The polymer used for the printed cover can be a flexible, preferably white, polyurethane foam obtained by reacting an aliphatic diisocyanate and polyether polyol with an admixture of polyfunctional, crosslinking agents, stannous octoate catalyst, inorganic hydroxide strong base catalyst and water such as described in U.S. Pat. No. 4,067,832, which is hereby incorporated herein by reference, or a resilient polyester foam material such as disclosed in U.S. Pat. No. 4,110,276, which is hereby incorporated herein by reference, prepared by reacting an acyl halide, polyol and polyhydroxy crosslinking agents in the presence of an alkali metal carbonate to prepare a flexible, resilient foam. The coating may, alternatively, be a polyester foam as taught in U.S. Pat. No. 4,239,043, which is hereby incorporated herein by reference, or foamed latex or other monomers, polymers and terpolymers as disclosed in U.S. Pat. No. 3,901,240, which is hereby incorporated herein by reference.
Any foamable plastic polymer-which forms a flexible open celled or closed celled foam may be employed in the products and process of this invention. For example, latex foams are most preferable, however other foams such as polyvinyl chloride foams, polystyrene foams, crosslinked polyethylene foams, polypropylene foams, polyurethane foams, polypropylene foams, polyurethane foams, acrylic and methacrylic polymer foams or foamed rubber may be employed. While the foam can be formed by preparing a gasified monomer before curing it is much preferred to employ monomer compatible blowing agents known to those of skill in the art such as air, carbon dioxide, volatile alkanes such a 2-methyl propane, volatile halo alkanes such as methyl chloride, dichloromethane and the like, volatile alcohols and ethers and various halocarbons including fluorocarbons.
Preferably the process of this invention entails forming the polymer of choice into a fluid polymer phase and bringing that fluid polymer phase to a low density cellular state. This low density cellular state should be preserved by setting the polymer into a flexible, resilient, soft, foamed coating. This is accomplished by creating small discontinuities or cells in the plastic phase, causing the cells to grow to the desired five fold or preferably ten fold increase in volume from unfoamed polymer. The cellular structure should then be stabilized by physical or chemical means. Preferably, the pressure inside the cell that causes the polymer to foam is generated by the blowing agent dispersed or dissolved in the polymer mixture. For example, a fluorocarbon blowing agent can be uniformly dispersed in the polymer. Heating this mixture causes a rapid and controllable expansion of the polymer mixture. Similar expansion can be obtained by reacting compounds in the deposited polymer during curing, to cause evolutions of a gas such as carbon dioxide which causes the polymer to expand. The expanded polymer is then set or solidified by heat or other known means.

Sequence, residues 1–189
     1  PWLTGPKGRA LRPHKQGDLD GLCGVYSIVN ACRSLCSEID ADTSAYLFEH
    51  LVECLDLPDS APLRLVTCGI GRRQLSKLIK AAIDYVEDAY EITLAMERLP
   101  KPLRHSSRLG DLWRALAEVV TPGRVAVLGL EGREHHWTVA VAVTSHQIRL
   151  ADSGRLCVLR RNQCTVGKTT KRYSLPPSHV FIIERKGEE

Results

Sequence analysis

Alternatively, the foamable composition may be deposited on the substrate under pressure from a die or an extruder and thereafter expanded at atmospheric or reduced pressure.
Polyethylene and polypropylene foams can be prepared by crosslinking the polyethylene chemically using peroxides or by radiation which is preferred using an electron gun or other means. The expanded polyethylene foam is prepared by mixing polyethylene, a chemical blowing agent and optionally a crosslinking agent at low or medium temperature, shaping the polymer by applying it to the substrate using an engraving, screen or other known depositing process, chemically treating or radiating to polymer to crosslink the polymer and heating the polymer and heating the polymer to expand. The polymer is then cooled to form a solid foamed coating. Polyurethane foams can be prepared from a polyfunctional isocyanate and a hydroxyl-containing polymer along with a catalyst and blowing agent as a halocarbon.
Polystyrene foams can be produced by decompression of polymer as it leaves a die, which is used to coat the engraving roll or silk screen. The engraving roll or silk screen then prints the polymer onto the substrate.
Latex rubber foams can be made by dispersing a gas or solid in a liquid phase, stabilizing the liquid polymer phase and subsequently treating the polymer after its application to the fiber substrate by heat. The heat then causes the gas to expand the rubber to cure. Expanded acrylonitride-butadiene rubber, expanded butyl rubber, expanded natural rubber, expanded neoprene, expanded latex foam, polyethylene, polypropylene, polyurethane, polyvinyl chloride and silicon foams and compatible mixtures thereof, are all useful in forming the geometric foamed coating of this invention.